Authentic dialogue depends on asking and answering good questions. It is often hard to distinguish good questions from bad ones, however. Luke’s Gospel records two seemingly similar questions in response to angelic messages. When Zechariah was told that his wife would bear a son, he said “How will I know that this is so? For I am an old man, and my wife is getting on in years” (Lk 1:18). When Gabriel told Mary that she would conceive a son, she asked “How can this be, since I am a virgin?” (Lk 1:34).
However similar these questions might seem, the motivations behind them were very different and they received very different answers. In Jesus of Nazareth: The Infancy Narratives, Pope Benedict XVI wrote, “Zechariah…doubted the possibility of the task announced to him. Like Elizabeth, he was advanced in years: he could no longer hope for a son. Mary, on the other hand, does not doubt. She asks not whether, but how the promise is to be fulfilled.”
This distinction is an important one. Questions and questioning can represent doubt or interest, antagonism or trust. The Pharisees were constantly asking Jesus questions so that they could destroy him. On the other hand, the disciples frequently asked him to clarify his teaching because they recognized his wisdom.
Questioning Pope Francis
A similar distinction can be made regarding questions about Pope Francis. Many Catholics are puzzled by him. They are worried by his off-the-cuff remarks, and they have questions about his statements and actions. Having such questions and concerns is not necessarily a bad thing; WPI exists in large part to answer such questions to the best of our ability. As Catholics, we don’t have to agree with the Pope’s practical actions and non-magisterial statements. An individual can disagree with such actions and statements and still remain a good Catholic.
Some Catholics, however, ask questions about the Pope merely to delegitimize him. They question anything and everything he does, always imputing sinister motives or malicious intent. Even when Pope Francis acts in the same way that previous Popes have acted, his motivations are questioned by these professional papal critics. The famous “dubia” sent to Pope Francis by four conservative Cardinals were questions of this antagonistic type. Any possible answer given by the Pope to these questions would have been used as evidence against him—and when he declined to answer, his silence was used to “prove” that he was a heretic.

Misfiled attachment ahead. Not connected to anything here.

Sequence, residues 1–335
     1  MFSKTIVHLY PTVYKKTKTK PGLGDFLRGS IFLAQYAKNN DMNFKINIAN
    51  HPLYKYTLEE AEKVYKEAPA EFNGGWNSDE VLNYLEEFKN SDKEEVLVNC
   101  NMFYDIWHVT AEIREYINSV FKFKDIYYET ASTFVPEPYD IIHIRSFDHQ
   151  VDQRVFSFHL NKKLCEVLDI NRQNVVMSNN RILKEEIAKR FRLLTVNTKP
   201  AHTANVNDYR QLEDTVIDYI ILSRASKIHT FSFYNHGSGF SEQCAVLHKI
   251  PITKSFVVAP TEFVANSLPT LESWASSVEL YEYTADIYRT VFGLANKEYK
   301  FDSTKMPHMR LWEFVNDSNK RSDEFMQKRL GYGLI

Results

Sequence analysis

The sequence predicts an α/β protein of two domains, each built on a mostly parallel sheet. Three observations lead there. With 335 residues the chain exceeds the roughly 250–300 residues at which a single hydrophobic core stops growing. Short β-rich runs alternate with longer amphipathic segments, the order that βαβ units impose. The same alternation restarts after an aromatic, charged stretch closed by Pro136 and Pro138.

In the Wider Church
Just as conservatives tend to question the magisterium of Pope Francis, progressives can sometimes question Church teaching in a destructive manner. A rejection of the surprises God sends our way will make genuine and trusting questions impossible. Such a rejection, as Pope Francis reminds us in Let Us Dream, can be rooted in the wrong kind of certitude. He writes that discernment “is a difficult thing for those of a more impatient disposition…Many religious people, too, struggle with discernment, especially those who are allergic to uncertainty and want to reduce everything to black and white. And it is quite impossible for ideologues, fundamentalists, and anyone else who is held back by a rigid mindset.”
Those with such a mindset ask destructive, antagonistic questions. If one is certain that one already possesses all wisdom and knowledge, genuine questions become an impossibility. Instead, questions are used merely to attack opponents. Ironically, such rigid individuals also tend to see the questions of others as attacks. Pope Francis writes:
“Fundamentalist mindsets…offer you an attitude and a single, closed way of thinking, as a substitute for the kind of thinking that opens you to the truth. Whoever takes refuge in fundamentalism is afraid of setting out on the road to truth. He already “has” the truth, and deploys it as a defense, so that any questioning of it is interpreted as an aggression against his person.”
What do our own questions represent? Do they stem from doubt and antagonism, or from genuine interest and trust? Do we seek an understanding that will give us control, that will leave no loose ends or doubts or worries? Do we see questions as attacks? Or do we spend time in patient contemplation, holding seeming contradictions in creative tension and waiting for God’s inspiration?
To escape the vicious cycle of destructive questions, we should turn to Mary. Like her, we should seek to understand. Like her, we should ponder deeply what we do not understand. And like her, we need to be open to God and let his grace break into our lives in surprising ways.
Image: Adobe Stock. By Stanislav.
Scripture quotes are from the New Revised Standard Version Catholic Edition (NRSVCE). New Revised Standard Version Bible: Catholic Edition, copyright © 1989, 1993 the Division of Christian Education of the National Council of the Churches of Christ in the United States of America. Used by permission. All rights reserved.